Behind this central rotating structure is an enormous screen on which Justin Harrison's wonderfully imaginative and complex projections are displayed, providing us with maps of where we are in the voyage as well as seascapes of churning oceans, massive storms, volcanos errupting and the vast outer reaches of the starry universe.

The story relates to the five years that Darwin spent circumnavigating the globe on the sloop HMS Beagle, captained by Robert FitzRoy.

Darwin, perhaps, was not the obvious choice for the business of documenting the flora and fauna in new worlds far from his homeland.

But his natural inquisitiveness and talent for making connections - largely contrary to the theories and beliefs of his day - enabled him to develop his ideas about the mechanism whereby animals and plants evolve over time.

Bradley Foster as Charles Darwin in The Wider Earth

Bradley Foster as Charles Darwin - photo by Mark Douet

Bradley Foster certainly offers a youthful, motivated Darwin who questions not only the accepted doctrine and beliefs of the time, but also matters such as slavery and the cruel practices it involved.

Mr Foster's youthful inquisitiveness and enthusiasm for the natural world finds itself in conflict with his commander on the voyage, Jack Parry-Jones's Robert FitzRoy, a perfectionist charged by the Admiralty to chart unknown waters.

FitzRoy is a driven man, used to being obeyed, but we also discover he is a somewhat tortured persona, full of his own doubts.

There's good support from the remainder of the seven-strong cast who not only provide commendable characterisations, but also have to employ nimble and dextrous skill to manipulate the puppets.

With those features in evidence, it might be hard for some not to make a comparison with the enormously successful War Horse.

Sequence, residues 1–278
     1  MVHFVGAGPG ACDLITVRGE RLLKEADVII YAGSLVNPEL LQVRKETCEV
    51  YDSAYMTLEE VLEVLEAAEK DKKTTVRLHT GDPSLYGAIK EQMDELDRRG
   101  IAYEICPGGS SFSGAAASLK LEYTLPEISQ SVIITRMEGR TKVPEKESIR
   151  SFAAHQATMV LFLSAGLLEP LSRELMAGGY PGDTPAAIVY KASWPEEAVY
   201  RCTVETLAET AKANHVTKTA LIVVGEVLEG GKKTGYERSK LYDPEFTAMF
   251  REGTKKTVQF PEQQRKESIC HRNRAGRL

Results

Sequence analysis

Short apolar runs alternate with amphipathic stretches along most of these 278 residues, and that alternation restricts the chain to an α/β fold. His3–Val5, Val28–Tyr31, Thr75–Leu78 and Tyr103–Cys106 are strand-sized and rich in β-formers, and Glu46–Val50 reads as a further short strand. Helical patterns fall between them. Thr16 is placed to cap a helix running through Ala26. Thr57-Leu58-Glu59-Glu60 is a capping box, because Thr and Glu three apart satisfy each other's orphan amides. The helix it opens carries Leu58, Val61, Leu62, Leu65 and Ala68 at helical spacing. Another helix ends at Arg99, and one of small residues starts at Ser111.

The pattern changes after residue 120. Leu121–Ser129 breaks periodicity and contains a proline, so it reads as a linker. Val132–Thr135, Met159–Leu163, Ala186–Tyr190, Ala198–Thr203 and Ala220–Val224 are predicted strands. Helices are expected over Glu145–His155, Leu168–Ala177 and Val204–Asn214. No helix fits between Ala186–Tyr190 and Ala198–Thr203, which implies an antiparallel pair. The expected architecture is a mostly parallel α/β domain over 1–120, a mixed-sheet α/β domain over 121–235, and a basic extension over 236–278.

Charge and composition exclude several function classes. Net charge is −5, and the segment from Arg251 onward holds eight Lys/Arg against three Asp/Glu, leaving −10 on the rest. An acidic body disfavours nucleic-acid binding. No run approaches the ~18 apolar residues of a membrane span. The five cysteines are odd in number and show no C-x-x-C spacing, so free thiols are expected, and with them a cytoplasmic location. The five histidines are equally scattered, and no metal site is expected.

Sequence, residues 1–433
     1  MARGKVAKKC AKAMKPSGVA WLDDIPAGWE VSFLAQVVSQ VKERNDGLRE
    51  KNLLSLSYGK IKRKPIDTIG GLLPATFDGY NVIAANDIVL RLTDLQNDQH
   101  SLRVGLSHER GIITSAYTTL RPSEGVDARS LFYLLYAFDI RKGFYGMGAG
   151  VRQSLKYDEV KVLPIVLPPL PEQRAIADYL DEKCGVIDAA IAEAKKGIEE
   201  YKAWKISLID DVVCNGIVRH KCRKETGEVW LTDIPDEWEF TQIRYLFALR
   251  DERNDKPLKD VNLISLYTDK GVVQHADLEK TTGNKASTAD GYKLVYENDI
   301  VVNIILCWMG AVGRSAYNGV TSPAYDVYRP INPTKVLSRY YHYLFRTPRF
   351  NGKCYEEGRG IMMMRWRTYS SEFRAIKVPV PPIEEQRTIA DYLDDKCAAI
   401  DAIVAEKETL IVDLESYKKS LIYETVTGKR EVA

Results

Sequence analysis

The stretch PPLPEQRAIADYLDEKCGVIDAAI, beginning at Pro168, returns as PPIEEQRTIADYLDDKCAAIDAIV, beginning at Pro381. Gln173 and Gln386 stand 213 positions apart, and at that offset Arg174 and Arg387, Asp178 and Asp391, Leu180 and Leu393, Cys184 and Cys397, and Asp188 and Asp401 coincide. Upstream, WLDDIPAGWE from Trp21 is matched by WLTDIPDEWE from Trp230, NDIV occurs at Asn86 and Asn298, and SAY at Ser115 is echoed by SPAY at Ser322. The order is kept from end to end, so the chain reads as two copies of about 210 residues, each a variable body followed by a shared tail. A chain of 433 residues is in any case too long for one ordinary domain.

But such comparisons ought to be fleeting, even if there are similarities in some of the stylistic areas of this production.

The Wider Earth is a very different story, and its use of puppetry is restrained and woven carefully into David Morton's well-written narrative.

And, as director, he pulls together this complex work and it's many constituent parts with admirable finesse to deliver a wholly engaging piece which is both informative as well as a captivating and visually rich story.

The romantic connection between Emma Wedgwood and Darwin does give rise to a trace of schmaltz in the final moments, but doesn't grate unduly and actually confirms Darwin as mortal like the rest of us.

Full marks must also go to The Natural History Museum for having the courage and foresight to tackle this challenge - though it's no stranger to hosting inventive events and projects, let's hope it's not the last time that we find ourselves watching theatre in its hallowed halls.

Leaving The Wider Earth, it's impossible not to feel a sense of sorrow, since many of the wonders that Darwin discovered have already been adversely affected, and some (possibly) made extinct, by human activity.

Rising to the role of top dog in the evolutionary stakes, our species now has the awesome responsibility to determine what the future will hold for our planet and its vast array of extrordinary inhabitants.

And The Wider Earth, in documenting Darwin's incredible voyage and his amazing findings, may just help to motivate us to act decisively to preserve what's left.